Book Reviews, Novels

M.R. Carey’s Fellside (2016)

A different beast than M.R. Carey’s previous novel — the wonderful 2014 zombie-drama, the Girl with All the Gifts — Fellside takes a far more introspective and personal direction. Advertised as a ghost story, the horror of Fellside increasingly bleeds into the background, leaving room for a story of crushing guilt, identity, empathy — and an exposé on privatized prisons.

Jess Moulson’s life climaxes in a loss of control; as heroin addiction and an abusive, enabling partner extend themselves too far, she loses herself in an act of violence while overdosing. She sets fire to all the memories she has of her partner in hopes of removing the negative influences on her life, but the fire immediately spreads to the house as she passes out amidst the flames. Her partner escapes without much harm, but she’s severely disfigured from the accident, and a young boy who lived upstairs is dead of smoke inhalation.

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Book Reviews, Graphic Novels

Mike Carey’s the Stranded and Faker (2007 – 2008)

The Stranded

a limited series of five issues (2007 – 2008)

Like 2005’s Spellbinders: Signs and Wondersthe Stranded is another of Carey’s paycheck stories. The Stranded is a five-issue adaptation of a script for a TV show pilot Carey worked on with Syfy back when it was the Sci-Fi Channel. The only front-cover quote states “…just might become the next great TV hit!” Nothing ever came of the show.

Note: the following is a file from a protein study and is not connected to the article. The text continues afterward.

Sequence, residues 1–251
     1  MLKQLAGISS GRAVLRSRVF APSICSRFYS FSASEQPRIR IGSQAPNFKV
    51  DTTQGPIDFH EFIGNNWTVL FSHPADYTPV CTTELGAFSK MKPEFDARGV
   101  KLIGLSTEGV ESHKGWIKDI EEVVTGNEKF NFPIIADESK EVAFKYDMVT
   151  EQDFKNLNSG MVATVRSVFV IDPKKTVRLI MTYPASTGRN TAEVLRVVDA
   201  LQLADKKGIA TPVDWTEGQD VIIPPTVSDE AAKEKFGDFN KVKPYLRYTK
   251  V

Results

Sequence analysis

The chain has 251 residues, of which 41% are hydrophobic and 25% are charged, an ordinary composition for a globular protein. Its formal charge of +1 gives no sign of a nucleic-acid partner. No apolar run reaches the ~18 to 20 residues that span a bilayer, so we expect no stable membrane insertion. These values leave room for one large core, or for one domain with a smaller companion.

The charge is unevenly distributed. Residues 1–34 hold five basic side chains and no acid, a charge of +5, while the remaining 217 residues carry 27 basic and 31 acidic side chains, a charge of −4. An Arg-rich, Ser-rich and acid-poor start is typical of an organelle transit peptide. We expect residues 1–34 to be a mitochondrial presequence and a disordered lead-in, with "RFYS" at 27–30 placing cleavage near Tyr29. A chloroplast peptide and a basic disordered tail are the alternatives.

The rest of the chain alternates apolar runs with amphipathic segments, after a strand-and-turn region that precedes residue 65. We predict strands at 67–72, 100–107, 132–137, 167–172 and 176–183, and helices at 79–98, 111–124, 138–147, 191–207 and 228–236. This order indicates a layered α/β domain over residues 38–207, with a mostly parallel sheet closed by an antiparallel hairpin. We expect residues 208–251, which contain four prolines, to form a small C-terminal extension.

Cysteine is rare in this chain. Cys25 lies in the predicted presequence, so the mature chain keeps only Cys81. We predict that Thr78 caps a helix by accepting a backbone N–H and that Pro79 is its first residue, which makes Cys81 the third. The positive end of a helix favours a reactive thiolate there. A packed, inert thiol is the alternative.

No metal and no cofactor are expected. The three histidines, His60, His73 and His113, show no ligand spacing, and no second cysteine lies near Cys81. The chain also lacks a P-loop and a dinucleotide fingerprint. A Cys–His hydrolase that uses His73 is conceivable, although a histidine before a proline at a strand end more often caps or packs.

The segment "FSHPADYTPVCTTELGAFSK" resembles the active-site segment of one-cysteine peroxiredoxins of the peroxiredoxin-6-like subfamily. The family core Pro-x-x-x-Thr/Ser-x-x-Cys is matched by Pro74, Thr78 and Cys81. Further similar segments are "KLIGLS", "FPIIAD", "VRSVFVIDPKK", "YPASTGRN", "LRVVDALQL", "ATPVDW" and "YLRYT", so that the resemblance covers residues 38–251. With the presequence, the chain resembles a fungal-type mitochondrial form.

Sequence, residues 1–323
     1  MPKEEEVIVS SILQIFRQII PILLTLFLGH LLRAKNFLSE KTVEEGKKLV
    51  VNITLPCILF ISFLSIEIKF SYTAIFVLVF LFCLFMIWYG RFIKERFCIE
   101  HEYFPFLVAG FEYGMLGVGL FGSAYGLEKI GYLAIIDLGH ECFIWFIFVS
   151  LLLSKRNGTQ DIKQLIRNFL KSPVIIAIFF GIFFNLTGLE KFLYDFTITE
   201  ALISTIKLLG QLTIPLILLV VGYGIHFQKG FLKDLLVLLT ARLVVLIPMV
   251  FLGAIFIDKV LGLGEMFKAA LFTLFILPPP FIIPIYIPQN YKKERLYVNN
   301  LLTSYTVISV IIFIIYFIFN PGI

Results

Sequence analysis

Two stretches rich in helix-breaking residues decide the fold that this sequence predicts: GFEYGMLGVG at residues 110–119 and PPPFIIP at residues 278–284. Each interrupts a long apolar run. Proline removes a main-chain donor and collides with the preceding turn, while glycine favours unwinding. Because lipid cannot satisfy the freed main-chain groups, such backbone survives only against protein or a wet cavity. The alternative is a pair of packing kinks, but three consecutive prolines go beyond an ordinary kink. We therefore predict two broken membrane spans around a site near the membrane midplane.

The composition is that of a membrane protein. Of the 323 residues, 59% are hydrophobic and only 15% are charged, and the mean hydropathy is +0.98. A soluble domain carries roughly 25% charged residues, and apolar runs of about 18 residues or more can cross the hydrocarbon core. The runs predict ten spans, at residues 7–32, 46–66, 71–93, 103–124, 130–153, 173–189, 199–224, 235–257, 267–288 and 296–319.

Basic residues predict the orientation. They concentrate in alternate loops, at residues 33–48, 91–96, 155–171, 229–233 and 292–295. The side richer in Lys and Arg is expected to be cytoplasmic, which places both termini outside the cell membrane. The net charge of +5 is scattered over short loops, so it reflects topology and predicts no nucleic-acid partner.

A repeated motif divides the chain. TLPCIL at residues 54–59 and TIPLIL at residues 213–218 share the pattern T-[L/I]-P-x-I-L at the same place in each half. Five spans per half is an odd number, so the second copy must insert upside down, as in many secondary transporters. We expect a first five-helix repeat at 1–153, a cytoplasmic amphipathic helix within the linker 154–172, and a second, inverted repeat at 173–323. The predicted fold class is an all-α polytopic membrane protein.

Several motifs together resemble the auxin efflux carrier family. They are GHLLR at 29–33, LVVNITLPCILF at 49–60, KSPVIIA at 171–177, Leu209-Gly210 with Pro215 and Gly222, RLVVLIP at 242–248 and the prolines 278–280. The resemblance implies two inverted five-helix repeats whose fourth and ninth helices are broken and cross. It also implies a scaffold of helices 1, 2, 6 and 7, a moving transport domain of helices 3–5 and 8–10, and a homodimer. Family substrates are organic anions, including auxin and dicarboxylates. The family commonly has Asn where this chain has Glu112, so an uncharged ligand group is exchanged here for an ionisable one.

None of this really bodes well for expectations going in — and, not surprisingly, it mostly meets ’em at that low level.

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Book Reviews, Graphic Novels, YA

Mike Carey’s Spellbinders: Signs and Wonders (2005)

Mike Carey is an excellent writer — easily one of the most talented names in the comics industry. He’s most lauded for his dense, philosophical work in the Lucifer series (a spin-off of Neil Gaiman’s the Sandman that’s woefully underappreciated next to its source material) and the more recent the Unwritten, both of which deal heavily with the nature / meaning / impact of storytelling (and arguably put his peers-in-reputation to shame).

Unfortunately, he’s also not afraid to knowingly write dreck for a paycheck. His the Sandman Presents: Petrefax miniseries — another Sandman spin-off — , Faker, his early superhero work: There’s little room in-between. He’s either at the top of his form, or writing lifeless cliches, where every word just follows a checklist of bad writing tropes.

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